What is word-of-mouth marketing?

A definitive guide to Word of Mouth marketing

Since the dawn of time, word-of-mouth between friends and family has been the most trusted source of information about new products and services; in fact ever since one person first recommended to his or her friend which rock was best to smash another rock with or which berries will and won’t make you sick. 

In its simplest form, it’s where person A asks person B for his or her recommendation of where to shop for a widget, and person B recommends Acme Widget Stores, because either person B shopped there before and had a good service, or heard from another trusted friend that this was the case. In short, it’s the flow of positive information about a place, product or service. And it happens whether or not a brand or retailer takes any steps to encourage it.

Obviously, since the earliest days, we’ve become much more sophisticated, and today we recommend not just our favourite food delivery apps, stores, movies and TV shows, but also banks, insurers, telecoms and internet service providers. That is because word-of-mouth has become very easy to share with modern communication tools and, particularly with the advent of social media, consumers now have few barriers to stop them from sharing their opinions and personal recommendations widely, and even reach beyond their immediate networks of friends and family, to influence the actions of complete strangers. As a result, word-of-mouth now plays an ever more important element in determining the success of a brand or retailer.

In this article we will look at:

  • what is word-of-mouth marketing;
  • why is word-of-mouth marketing so important;
  • how to measure word-of-mouth marketing; and 
  • different ways to track word-of-mouth


What is word-of-mouth marketing?


If word-of-mouth is the channel by which we share our stories, opinions and recommendations with friends, family and colleagues, then word-of-mouth marketing (or WOMM for acronym lovers) is the collection of strategies and tactics used by brands and retailers to directly or indirectly leverage word-of-mouth channels to promote their brands and lead to positive outcomes. Those positive outcomes include not only sales, subscriptions, app downloads, lead generation and free trials or freemium adoption, but can also include contributing back to the cycle of positive word-of-mouth by leaving reviews, user-generated content or making referrals.

Simply put, word-of-mouth marketing refers to your attempts to create a conversation about your brand and/or, where a conversation already exists, influence it in your favour and direct it towards generating a desired outcome. The common elements of word-of-mouth marketing include encouraging customers to refer your brand to a friend, soliciting ratings and reviews from them, asking them to share social posts about you or to create and post user-generated content about their experience with your brand.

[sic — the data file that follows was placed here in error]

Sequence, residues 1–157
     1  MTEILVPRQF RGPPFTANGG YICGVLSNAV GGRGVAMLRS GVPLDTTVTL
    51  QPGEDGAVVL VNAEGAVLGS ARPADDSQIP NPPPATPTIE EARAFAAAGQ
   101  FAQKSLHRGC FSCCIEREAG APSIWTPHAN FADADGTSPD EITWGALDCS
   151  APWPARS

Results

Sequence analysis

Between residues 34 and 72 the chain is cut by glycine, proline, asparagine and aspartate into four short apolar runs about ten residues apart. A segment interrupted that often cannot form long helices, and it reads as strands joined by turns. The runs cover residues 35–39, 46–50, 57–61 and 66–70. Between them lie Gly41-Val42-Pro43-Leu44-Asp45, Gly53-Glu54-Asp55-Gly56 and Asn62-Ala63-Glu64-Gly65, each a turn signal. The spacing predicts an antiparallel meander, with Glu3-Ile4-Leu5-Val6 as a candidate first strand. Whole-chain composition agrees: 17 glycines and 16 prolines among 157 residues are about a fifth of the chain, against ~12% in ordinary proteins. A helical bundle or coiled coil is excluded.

If you’re curious about some of those strategies and tactics, I highly recommend you check out our guide to building an Organic Discovery strategy like the one used by Airbnb; starting with part one right here.


Why is word-of-mouth marketing so important?


I assume all of us have taken an action or made a purchase based on a recommendation from friends and family; whether a simple recommendation of a good restaurant, a clothing retailer or binge-worthy TV series, all the way up to more considered purchases like insurance providers, banks or cars.

But aside from anecdotal evidence about the importance of word-of-mouth marketing, the following statistics and sources provide empirical evidence to demonstrate the value of WOMM and should hopefully convince you why you should make this one of your most important marketing channels. 

Quite simply, the numbers simply don’t lie.

  • 92% of consumers trust recommendations from friends and family more than traditional marketing.
  • 91% of 18-34-year-olds trust online reviews as much as personal recommendations.
  • Word-of-mouth is 5X more effective than paid ads.
  • 83% of consumers are willing to refer after a positive experience, although only 29% actually do.
  • 74% of consumers cite word-of-mouth as a major influence over their purchasing decisions.
  • Word-of-mouth accounts for $6 trillion in annual consumer spending, 13% of all global sales.
  • Millennials are 38% more likely to discover brands through recommendations.
  • 88% of people place the highest level of trust in brands that have been recommended by a friend or family member.

We could go on and on, as there is no shortage of evidence as to the effectiveness and potency of word-of-mouth as a customer acquisition channel. In fact, many of the sources we have mentioned list several powerful statistics about the worth of WOMM.